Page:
Hannah Sachs

Minister of Faith Formation


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I grew up in the quaint town of Warrenton, Virginia, where I first encountered God through the love of my parents and their authentic lives of faith. My family’s Jewish background fostered my love for tradition and stories, while the Evangelical church we attended offered me vibrant worship experiences, in-depth knowledge of Scripture, and a highly relational theological lens. While many of my earliest memories in church are positive, over time I became disillusioned by the sexism, homophobia, and legalism that unfortunately also characterized this particular congregation. I’ll always remember how one beloved Sunday School teacher tried to affirm me by saying, “It’s too bad you aren’t a boy, Hannah. You could have made a great pastor!” With this remark, I heard the first whisper of a calling–and finally realized that I no longer had a home in conservative Christianity.

While studying theatre directing, religion, and social change at Smith College, I learned that God could be found outside the narrow boundaries of Evangelicalism and I began to worship at an “emerging church” that met in a contemporary art gallery. This faith community helped me to see my own creative gifts as integrally tied to my ministerial calling and catalyzed my love for innovative liturgy. Throughout my undergraduate years, I also served as the pastoral intern at Cathedral in the Night, an outdoor, ecumenical church that serves folks experiencing homelessness. As part of this community, I came to understand that the marginalized are actually the heart of God’s kingdom, and this is a central conviction that continues to shape my work.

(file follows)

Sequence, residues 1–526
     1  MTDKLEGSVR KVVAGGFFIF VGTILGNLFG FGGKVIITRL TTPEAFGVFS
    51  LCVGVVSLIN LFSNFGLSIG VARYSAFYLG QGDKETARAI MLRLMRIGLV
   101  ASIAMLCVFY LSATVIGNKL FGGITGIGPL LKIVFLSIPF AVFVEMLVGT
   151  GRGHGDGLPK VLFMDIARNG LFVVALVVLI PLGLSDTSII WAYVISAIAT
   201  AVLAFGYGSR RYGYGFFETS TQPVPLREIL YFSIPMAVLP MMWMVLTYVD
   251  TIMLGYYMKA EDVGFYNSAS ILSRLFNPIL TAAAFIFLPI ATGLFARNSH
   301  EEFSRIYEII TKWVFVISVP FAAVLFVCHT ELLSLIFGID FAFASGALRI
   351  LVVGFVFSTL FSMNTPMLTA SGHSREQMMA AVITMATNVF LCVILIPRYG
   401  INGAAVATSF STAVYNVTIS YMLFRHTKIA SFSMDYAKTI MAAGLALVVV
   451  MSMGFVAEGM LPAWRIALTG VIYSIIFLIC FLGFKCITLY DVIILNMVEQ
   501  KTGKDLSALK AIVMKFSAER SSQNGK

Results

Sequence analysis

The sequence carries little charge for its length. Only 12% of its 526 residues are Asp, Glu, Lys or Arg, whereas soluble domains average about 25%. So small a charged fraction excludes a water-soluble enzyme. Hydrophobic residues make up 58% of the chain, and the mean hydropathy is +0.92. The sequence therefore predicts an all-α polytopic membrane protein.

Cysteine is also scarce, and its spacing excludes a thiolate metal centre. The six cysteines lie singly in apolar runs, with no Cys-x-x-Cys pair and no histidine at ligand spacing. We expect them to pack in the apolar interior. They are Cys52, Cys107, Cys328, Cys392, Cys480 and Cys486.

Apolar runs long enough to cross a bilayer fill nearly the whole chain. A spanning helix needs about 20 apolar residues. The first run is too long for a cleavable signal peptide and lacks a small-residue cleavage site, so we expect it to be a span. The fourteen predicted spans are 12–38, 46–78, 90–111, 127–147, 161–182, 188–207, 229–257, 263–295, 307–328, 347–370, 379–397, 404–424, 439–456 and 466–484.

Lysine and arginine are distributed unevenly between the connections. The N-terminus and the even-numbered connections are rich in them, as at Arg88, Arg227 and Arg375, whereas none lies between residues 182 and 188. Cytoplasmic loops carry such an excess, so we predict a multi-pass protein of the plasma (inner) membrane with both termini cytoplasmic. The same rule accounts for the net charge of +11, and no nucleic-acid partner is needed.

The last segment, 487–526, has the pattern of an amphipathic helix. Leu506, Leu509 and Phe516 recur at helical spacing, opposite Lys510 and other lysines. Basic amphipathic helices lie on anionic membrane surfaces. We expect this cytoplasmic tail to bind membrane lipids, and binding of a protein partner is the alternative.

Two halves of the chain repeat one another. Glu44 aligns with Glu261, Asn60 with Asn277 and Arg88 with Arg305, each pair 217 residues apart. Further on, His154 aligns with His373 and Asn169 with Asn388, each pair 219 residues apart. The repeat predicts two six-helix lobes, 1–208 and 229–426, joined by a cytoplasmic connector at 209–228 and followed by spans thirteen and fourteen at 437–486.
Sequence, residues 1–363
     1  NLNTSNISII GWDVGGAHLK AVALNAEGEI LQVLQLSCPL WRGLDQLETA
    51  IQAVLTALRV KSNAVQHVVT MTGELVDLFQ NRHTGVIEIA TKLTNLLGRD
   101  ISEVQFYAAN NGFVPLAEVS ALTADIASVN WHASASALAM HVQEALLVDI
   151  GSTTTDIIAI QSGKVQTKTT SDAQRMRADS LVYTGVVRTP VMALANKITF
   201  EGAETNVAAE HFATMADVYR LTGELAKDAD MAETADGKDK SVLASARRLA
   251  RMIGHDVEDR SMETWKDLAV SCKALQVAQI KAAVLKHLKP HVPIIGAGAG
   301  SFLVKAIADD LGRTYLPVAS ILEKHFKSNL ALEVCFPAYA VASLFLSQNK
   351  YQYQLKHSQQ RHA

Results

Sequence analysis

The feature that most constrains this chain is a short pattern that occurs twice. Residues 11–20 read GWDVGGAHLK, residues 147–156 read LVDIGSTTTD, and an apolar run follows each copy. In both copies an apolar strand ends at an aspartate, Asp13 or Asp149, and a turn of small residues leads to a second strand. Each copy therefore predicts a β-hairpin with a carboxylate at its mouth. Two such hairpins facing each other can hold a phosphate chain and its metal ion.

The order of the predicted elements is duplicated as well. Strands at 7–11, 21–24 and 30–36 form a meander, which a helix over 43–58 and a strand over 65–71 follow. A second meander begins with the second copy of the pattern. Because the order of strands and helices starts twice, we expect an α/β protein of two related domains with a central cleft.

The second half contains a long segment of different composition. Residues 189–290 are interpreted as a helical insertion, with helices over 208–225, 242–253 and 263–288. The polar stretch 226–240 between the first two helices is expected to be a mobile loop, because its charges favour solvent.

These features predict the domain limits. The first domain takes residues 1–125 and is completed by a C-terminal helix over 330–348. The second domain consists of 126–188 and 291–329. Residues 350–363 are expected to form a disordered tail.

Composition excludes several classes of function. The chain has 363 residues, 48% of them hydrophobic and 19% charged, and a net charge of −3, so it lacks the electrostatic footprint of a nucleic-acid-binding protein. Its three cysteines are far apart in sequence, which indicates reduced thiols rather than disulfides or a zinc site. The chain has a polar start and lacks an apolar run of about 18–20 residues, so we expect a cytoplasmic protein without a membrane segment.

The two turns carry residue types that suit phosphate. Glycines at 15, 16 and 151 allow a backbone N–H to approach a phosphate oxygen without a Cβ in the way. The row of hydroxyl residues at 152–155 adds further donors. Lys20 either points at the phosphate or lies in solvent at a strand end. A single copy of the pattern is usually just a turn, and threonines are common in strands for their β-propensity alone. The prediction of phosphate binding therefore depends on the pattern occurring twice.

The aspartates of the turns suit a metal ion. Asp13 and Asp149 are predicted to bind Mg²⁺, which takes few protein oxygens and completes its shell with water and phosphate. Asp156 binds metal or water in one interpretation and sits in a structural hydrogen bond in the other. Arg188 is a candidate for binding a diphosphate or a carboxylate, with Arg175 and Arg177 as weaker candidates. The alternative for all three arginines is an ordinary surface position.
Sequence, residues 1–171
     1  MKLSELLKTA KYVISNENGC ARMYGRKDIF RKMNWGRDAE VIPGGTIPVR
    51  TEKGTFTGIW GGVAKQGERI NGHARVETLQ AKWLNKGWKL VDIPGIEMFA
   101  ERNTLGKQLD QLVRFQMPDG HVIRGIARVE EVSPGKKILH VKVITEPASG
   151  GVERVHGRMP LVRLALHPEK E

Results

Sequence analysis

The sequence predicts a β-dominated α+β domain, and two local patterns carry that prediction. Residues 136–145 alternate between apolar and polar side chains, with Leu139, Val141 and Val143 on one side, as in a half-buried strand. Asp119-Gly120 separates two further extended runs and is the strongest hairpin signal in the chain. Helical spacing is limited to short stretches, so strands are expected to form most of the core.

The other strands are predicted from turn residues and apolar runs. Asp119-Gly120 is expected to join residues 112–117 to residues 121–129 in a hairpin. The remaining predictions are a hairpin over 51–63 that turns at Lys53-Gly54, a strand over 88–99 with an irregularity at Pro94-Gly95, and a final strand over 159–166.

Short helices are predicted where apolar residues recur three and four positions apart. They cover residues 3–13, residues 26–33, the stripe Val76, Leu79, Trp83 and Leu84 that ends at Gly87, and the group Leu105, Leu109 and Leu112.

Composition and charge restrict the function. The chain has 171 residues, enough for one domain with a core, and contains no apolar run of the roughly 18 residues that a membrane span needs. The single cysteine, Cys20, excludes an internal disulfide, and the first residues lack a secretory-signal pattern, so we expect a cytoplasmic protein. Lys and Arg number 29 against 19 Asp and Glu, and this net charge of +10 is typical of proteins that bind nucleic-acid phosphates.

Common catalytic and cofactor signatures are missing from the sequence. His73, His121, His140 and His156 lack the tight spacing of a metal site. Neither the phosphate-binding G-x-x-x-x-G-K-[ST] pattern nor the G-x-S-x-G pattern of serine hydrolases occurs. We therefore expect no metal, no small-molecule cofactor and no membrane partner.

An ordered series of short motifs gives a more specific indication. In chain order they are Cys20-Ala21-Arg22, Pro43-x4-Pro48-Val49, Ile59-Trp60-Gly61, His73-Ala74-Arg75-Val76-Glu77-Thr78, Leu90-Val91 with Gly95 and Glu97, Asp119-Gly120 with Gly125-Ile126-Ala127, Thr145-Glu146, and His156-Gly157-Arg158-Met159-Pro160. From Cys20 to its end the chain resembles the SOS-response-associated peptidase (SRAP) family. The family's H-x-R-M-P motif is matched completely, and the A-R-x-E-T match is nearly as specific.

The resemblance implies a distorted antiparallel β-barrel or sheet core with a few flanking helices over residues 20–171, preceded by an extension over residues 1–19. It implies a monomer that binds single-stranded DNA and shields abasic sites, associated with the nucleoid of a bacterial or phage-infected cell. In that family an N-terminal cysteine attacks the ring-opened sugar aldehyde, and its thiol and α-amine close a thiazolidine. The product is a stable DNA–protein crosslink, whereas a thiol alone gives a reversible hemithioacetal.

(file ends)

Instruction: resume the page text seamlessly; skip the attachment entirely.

My year teaching in the Czech Republic as a Fulbright Scholar was also a transformative experience. I gained both pedagogical and cross-cultural skills–and it was through this work that I met my wife, Renata. Eventually, we both made our way back to the US to complete degrees at Yale Divinity School, and in 2020, I received my MDiv, as well as a certificate in religion and the arts from Yale’s Institute of Sacred Music and a certificate in congregational ministry from Andover Newton Seminary. During my first two years at Yale, I had been pursuing ordination through the Vineyard movement. Unfortunately, upon learning that Renata and I were engaged, the church withdrew their support. This was a painful experience, and God used it to bring us to our true home–the UCC. We are forever grateful that we can simply get on with serving Christ, rather than fighting endlessly for a seat at the table!